American Heritage® Dictionary of the English Language, Fourth Edition
- n. A flow or flowing.
- n. A continued flow; a flood. See Synonyms at flow.
- n. The flowing in of the tide.
- n. Medicine The discharge of large quantities of fluid material from the body, especially the discharge of watery feces from the intestines.
- n. Physics The rate of flow of fluid, particles, or energy through a given surface.
- n. Physics See flux density.
- n. Physics The lines of force of an electric or magnetic field.
- n. Constant or frequent change; fluctuation: "The newness and flux of the computer industry has meant many opportunities for women and minorities” ( Connie Winkler).
- n. Chemistry & Metallurgy A substance that aids, induces, or otherwise actively participates in fusing or flowing, as:
- n. Chemistry & Metallurgy A substance applied to a surface to be joined by welding, soldering, or brazing to facilitate the flowing of solder and prevent formation of oxides.
- n. Chemistry & Metallurgy A mineral added to the metals in a furnace to promote fusing or to prevent the formation of oxides.
- n. Chemistry & Metallurgy An additive that improves the flow of plastics during fabrication.
- n. Chemistry & Metallurgy A readily fusible glass or enamel used as a base in ceramic work.
- v. To melt; fuse.
- v. To apply a flux to.
- v. To become fluid.
- v. To flow; stream.
Century Dictionary and Cyclopedia
- n. The act of flowing; a flowing, as of a fluid; flow in general, but now most commonly an occasional flow; an outpouring or effusion of anything.
- n. Hence Continual change; the mode of being of that which is instantaneous, ceasing to exist as soon as it begins to exist. This is specifically termed Heraclitan flux, from the doctrine of the ancient Greek philosopher Heraclitus that there is no being or permanence, but that all things are transitory and fleeting.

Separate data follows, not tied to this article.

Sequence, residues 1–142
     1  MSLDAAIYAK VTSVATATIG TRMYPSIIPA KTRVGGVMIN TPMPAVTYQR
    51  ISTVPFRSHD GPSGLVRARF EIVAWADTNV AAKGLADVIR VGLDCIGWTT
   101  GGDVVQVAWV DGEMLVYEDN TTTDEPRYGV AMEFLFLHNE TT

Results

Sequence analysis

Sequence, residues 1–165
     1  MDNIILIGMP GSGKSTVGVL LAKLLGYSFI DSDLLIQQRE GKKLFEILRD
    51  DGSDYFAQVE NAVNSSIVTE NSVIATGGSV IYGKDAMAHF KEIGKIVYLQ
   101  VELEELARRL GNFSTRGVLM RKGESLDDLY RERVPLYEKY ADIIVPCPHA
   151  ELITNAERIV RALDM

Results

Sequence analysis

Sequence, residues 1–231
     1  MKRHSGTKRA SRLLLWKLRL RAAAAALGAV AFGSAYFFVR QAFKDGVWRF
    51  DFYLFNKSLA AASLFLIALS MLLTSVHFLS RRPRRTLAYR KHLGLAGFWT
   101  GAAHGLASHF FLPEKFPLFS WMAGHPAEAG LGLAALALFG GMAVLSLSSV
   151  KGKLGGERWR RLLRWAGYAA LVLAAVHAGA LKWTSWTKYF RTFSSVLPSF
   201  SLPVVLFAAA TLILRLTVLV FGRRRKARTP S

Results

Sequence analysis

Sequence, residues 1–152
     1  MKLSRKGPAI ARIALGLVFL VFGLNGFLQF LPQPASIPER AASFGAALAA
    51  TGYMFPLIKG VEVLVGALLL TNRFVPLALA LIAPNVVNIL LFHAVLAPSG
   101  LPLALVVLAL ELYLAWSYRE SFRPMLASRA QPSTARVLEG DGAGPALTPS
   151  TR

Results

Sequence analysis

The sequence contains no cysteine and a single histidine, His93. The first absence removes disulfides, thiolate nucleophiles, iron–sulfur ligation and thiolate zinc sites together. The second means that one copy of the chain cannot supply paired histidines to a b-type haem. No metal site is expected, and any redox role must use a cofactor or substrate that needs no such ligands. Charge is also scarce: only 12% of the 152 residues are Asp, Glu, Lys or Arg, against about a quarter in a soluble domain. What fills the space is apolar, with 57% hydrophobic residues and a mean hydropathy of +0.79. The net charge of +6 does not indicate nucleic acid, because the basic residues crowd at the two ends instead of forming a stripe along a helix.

- n. In pathology, a morbid or abnormal issue or discharge of matter, as blood, mucus, or pus, from any mucous surface of the internal vessels or viscera: as, the bloody flux (dysentery).
- n. Matter which is discharged in a flux; defluxion; excrement.
- n. A flowing together; concourse; confluence.
- n. Fusion; conversion to a liquid state by the operation of heat.
- n. In metallurgy, any substance or mixture used to promote the fusion of metals or minerals, as alkalis, borax, tartar, and other saline matter, or, in large operations, limestone or fluor-spar. Alkaline fluxes are either the crude, the white, or the black flux. When tartar is deflagrated with half its weight of niter, a mixture of charcoal and carbonate of potash remains, which is often called
black flux; when an equal weight of niter is used, the whole of the charcoal is burned off, and carbonate of potassium remains, which, when thus procured, is called white flux.
- n. In mathematics, a vector which is referred to a unit of area.
- Flowing; changing; inconstant; variable.
- To flood; overflow.
- In medicine, to cause a flux or evacuation from; salivate; purge.
- To clear or clean out by or as if by an evacuation; relieve by purging, literally or figuratively.
- To melt; fuse; make fluid.
- To flow or change.
- n. Continuous motion.
- n. In enameling, a colorless vitreous base, composed of silica mixed with minium or red lead and potash or carbonate of soda. See fondant, 2.
- n. In botany, the slimy exudation from wounds in the bark of various trees.
- n. A state of ongoing change.
- n. A chemical agent for cleaning metal prior to soldering or welding.